Imagine someone collapses in front of you. What would you do? By knowing CPR you can double or triple their chance of survival.
If you have been trained in CPR and giving breaths (mouth-to-mouth) that’s great, but if you have never received training or don’t feel comfortable giving breaths, then Hands-Only CPR can still increase a person’s chance of survival when they suffer a cardiac arrest.
Remember – you can do no harm by giving chest compressions to someone who doesn’t need them. It is better to give CPR to someone who doesn’t need it, than not to give it to someone who does.
Step 1: When you see a person suddenly collapse, check for a response – call their name/shake them gently on the shoulder.
Step 2: If there is no response call 999 or 112 immediately to get help on the way.
Step 3: If they are still not responding and are not breathing normally (gasping or not breathing at all), then you need to make sure the person is lying flat on their back on the ground. Kneel closely beside them and place your two hands on the centre of their chest, one on top of the other and keep your arms straight.
Step 4: Start compressions hard and fast, pushing down at least two inches (5cm) on the centre of the chest and push at a rate of 100 beats per minute. Push in time to the tune of the Bee Gees song ‘Staying Alive’ and keep going until the emergency services arrive.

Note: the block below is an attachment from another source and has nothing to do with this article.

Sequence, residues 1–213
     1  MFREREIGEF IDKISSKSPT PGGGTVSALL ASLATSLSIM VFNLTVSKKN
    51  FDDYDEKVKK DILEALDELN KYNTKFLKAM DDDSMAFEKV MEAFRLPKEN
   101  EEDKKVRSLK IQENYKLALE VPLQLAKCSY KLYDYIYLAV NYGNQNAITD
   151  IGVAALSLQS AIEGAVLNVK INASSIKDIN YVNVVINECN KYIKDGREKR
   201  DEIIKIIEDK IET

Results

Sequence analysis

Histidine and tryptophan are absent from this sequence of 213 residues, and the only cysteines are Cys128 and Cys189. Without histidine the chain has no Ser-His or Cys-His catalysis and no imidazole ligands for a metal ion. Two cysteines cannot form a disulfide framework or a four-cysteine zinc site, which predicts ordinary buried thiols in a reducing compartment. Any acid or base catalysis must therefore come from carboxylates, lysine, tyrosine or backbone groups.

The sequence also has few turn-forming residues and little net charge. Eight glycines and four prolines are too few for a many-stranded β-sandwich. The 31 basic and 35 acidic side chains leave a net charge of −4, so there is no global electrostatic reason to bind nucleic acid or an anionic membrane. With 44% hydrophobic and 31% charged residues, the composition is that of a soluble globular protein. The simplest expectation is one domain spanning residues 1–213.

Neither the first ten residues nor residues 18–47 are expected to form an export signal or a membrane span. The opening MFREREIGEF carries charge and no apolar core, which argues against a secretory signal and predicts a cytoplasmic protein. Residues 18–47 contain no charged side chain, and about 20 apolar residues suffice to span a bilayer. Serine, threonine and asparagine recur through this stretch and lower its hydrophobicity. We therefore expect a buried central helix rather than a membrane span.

If you’ve learned CPR in the past or are willing to give breaths, give 30 compressions followed by two breaths, continuing this sequence until help arrives.
Handy Tip #1
Learn how to put your mobile phone on loud speaker so you can immediately start providing Hands-Only CPR while calling for help and talking to the emergency dispatcher.
Knowing your Eircode number and giving it to the emergency dispatcher when you call will also help the ambulance to find you quickly.
Always remember, it is better to give CPR to someone who doesn’t need it than not to give it to someone who does. You can do no harm, and by commencing CPR immediately the victim’s chance of survival can be doubled or even tripled.
Our guides on all you need to know about CPR.